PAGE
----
People, Products and Plants. We have amenities, clean bedrooms and all the things you would expect at any hotel – that’s not the hard part. The hard part is getting a good audience of authentic and artistic people to the same place and sharing something special with them. We offer personal care, attention to the details that matter to you and a place for you to get that feeling of a perfect day in Ojai – however you want to define that. Additionally, we make a really great looking apparel line that is augmented with vintage and Maker driven products. It’s a totally different spin on travel and apparel, but we’ve had visits from Italian Vogue, One Kings Lane, Escape Brooklyn, etc and these people are buying and loving the product side of our brand – and the hotel piece. Last, but certainly not least, the entire Caravan Outpost environment is a gorgeously appointed Botanical Garden, right in the middle of downtown Ojai. We have thousands of plants, several palms and exotic plant rarities for people to see, experience and learn about. One of our founders is a plant expert, and you can immediately see that special influence at the Outpost.

adventure hoteling caravan outpost public bikes

For someone who has never stayed in an Airstream, why should they consider Caravan Outpost for a relaxing, destination trip? Why stay in an Airstream over other options?

Why do anything different? Why not accept the status quo and do things the same old way? Being unique is a choice that our guests have already made – we’re just enabling a piece of who they already are, by bringing them a unique place to gather. We love Airstreams and think they are a fantastically comfortable, iconic space to live and stay in – but Caravan Outpost is not about Airstreams, it’s about the people who gather and enjoy our space.

Why Ojai and your specific location?

Ojai is our initial location, because we are rooted in the local community here and believe it to be a very special place. It’s so easy to create magic in this town, because so many good and wonderful people are already walking the streets, celebrating all the city has to offer. We believe Ojai is the American Mediterranean, and that no one is really telling that story of climate, food, wine and life in a unique valley that has a one-of-a-kind vibe to it. The history of Ojai has long been as a getaway from Hollywood and LA for the famous. One day in town and you get why people come here to center-up and find peace. Another key component is the sun. We are working our way to the most sustainable business we can create and solar is a big part of the picture. We’re not 100% off the grid, but we do have several Airstreams running on solar, skylights in restrooms, bathrooms and storage areas. Our partner Goal Zero has provided some amazing and compact solar panel products for our guest to demo, which is a baby step – but we’re working our way to being as solar powered as is possible.

adventure hoteling caravan outpost public bikes

Why are you offering PUBLIC bikes at Caravan Outpost?

The answer goes back to our star – the guests at Caravan Outpost. There is no way we are putting our guests on anything other than what we believe are beautifully built bikes. PUBLIC and Caravan Outpost are such a good fit because we are both design driven – and both are created for people who appreciate a considered product. Public bikes have been a hit from the second we opened the boxes and the biggest problem we have right now is that we don’t have enough of them!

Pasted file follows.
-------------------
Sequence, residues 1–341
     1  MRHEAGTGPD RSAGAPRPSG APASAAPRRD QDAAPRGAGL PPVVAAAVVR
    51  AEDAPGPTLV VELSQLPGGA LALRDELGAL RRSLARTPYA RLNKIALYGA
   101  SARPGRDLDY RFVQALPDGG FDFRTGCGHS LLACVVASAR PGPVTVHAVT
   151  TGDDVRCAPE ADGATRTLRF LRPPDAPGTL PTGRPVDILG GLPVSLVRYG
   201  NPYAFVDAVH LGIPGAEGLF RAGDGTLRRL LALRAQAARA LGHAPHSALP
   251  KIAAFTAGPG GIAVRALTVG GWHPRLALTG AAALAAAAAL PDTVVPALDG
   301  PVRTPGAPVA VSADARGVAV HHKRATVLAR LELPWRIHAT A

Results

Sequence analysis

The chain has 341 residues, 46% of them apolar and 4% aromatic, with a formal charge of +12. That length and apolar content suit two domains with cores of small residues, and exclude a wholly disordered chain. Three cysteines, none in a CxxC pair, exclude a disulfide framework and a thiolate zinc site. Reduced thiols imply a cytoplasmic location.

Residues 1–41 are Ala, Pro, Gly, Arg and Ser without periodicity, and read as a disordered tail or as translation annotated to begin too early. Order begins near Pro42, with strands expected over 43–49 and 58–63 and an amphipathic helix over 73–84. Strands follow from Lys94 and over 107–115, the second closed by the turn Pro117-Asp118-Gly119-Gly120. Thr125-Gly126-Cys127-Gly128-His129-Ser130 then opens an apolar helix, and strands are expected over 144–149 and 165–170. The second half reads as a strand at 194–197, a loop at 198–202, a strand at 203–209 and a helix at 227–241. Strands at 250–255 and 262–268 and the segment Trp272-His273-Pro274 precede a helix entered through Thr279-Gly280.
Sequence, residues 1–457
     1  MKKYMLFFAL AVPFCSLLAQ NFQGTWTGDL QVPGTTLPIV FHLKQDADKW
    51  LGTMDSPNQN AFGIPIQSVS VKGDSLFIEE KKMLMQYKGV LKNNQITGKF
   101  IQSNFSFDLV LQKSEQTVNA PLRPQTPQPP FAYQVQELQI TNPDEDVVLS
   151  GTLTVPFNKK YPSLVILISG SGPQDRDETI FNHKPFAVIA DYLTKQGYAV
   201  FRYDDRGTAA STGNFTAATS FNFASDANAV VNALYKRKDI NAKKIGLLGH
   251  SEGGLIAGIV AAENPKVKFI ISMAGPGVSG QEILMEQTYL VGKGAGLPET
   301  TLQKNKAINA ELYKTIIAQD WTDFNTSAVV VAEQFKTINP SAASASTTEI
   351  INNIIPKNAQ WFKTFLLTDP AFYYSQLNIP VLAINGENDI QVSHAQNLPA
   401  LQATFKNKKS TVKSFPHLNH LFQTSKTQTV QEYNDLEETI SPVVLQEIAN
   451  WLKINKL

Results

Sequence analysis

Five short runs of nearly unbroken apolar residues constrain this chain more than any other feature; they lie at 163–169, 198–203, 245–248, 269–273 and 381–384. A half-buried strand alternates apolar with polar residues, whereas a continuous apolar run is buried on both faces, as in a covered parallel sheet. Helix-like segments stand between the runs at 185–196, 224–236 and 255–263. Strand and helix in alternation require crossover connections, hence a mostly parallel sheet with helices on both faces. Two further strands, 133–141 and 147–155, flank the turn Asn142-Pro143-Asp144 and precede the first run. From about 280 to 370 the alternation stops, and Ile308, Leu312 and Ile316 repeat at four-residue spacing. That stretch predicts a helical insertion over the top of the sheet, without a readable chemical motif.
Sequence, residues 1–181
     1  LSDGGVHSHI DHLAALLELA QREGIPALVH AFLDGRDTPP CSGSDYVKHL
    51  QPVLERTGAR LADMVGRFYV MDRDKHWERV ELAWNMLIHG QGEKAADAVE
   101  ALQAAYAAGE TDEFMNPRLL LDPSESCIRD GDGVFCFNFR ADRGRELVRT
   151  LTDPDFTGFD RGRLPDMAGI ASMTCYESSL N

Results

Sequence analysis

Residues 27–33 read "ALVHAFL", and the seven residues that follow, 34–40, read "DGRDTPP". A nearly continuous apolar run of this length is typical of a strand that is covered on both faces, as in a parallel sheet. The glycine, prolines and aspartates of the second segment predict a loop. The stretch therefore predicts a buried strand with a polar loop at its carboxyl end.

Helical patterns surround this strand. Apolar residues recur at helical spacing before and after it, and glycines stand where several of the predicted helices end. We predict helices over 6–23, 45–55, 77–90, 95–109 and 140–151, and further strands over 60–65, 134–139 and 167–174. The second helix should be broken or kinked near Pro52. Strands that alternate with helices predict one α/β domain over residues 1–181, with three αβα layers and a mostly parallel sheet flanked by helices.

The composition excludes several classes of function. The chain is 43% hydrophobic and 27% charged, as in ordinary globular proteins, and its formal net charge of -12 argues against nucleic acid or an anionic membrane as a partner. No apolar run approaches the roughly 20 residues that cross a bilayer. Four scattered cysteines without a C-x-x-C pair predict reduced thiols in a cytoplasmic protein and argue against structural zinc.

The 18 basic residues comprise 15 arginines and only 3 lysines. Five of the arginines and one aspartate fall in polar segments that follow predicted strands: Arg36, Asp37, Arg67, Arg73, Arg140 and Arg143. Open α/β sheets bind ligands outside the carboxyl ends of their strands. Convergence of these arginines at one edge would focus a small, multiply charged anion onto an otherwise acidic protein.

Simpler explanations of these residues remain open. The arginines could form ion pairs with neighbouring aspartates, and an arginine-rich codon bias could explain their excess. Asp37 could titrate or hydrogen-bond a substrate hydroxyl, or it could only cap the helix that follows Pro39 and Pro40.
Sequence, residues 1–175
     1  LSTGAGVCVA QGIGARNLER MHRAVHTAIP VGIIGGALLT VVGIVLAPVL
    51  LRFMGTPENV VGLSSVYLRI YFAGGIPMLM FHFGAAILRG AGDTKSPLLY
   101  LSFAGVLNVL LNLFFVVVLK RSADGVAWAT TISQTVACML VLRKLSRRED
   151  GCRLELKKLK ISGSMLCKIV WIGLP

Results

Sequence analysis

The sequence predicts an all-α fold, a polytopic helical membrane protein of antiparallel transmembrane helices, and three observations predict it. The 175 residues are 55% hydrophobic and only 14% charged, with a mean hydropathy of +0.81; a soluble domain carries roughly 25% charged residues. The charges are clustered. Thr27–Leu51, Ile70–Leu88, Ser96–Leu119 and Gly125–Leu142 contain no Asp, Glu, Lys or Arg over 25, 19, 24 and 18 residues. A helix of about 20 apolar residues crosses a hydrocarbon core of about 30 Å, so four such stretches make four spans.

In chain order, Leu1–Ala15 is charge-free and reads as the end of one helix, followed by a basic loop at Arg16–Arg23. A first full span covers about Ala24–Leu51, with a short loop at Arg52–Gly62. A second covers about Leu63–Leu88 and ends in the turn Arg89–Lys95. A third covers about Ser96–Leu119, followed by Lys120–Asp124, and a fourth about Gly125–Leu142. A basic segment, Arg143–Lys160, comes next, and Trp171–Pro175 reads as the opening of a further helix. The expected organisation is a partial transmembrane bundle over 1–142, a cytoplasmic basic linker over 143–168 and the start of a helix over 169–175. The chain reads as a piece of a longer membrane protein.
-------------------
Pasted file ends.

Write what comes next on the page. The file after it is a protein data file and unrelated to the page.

June 9th, 2016

best bike gear roundup for biking dads fathers day
As much as we love our fathers, let’s admit it—occasionally, they wear embarrassing things and use questionable biking gear. To reconcile the men that we love with the way they deserve to look, feel, and bike around town, we’ve compiled the 10 best bike gear gifts for biking dads. This Father’s Day, send your dad pedaling down the street in style—no cringing required.
best bike gift trinity bicycle helmet
1. To avoid the cost factor inherent in some sporty, ventilated helmets, the Giro Trinity Road Helmet offers a sleek alternative in black or titanium. These dark tones make the head look streamlined. With an in-mold shell, your dad will be protected against the open road.

2. For the dad who appreciates a fine piece of craftsmanship, the handcrafted Spurcycle Black Bell makes a sound much larger than it looks. Designed to fit any handlebar and crafted out of premium brass and steel, this stunning bell should please any design aficionado.  

best bike gear cycle hand pump

3. Traveling cyclists will appreciate the Crank Brothers Sterling Short Pump with Gauge. Unlike most mini pumps, this compact device comes with a pressure gauge. That way, when your father is far down the open road, he won’t have to worry about overinflating and popping his own tires.

best bike gear ortlieb pannier bicycle bag

4. Many bicycle lovers often dream of and save up for their ideal pair of panniers. You might make your dad’s day with the Ortlieb Back Roller Plus Waterproof Panniers, which would enable him to go camping with 40 liters of packing space. The durable, waterproof fabric will ensure all his gear stays safe in even the most rugged terrain.

best bike gear bicycle multi-tool

5. Put your mind at ease knowing that your dad can handle any setback on the road with the Crank Brothers Multi Tool 10. This strong “Swiss Army knife” for bikers should tackle most mechanical issues along the way.

best bike gear fortified bicycle theft proof light set

6. If Dad’s forgetful (and, well, who among us an hasn’t neglected to take their lights off their bike and had them swiped?) then this is the light set for him. The Fortified Theft Proof Aviator Headlight & Afterburner Taillight Set can be locked to a bike with an allen key. Weather-proof and lightweight, these lights can be ignored—until your dad needs them.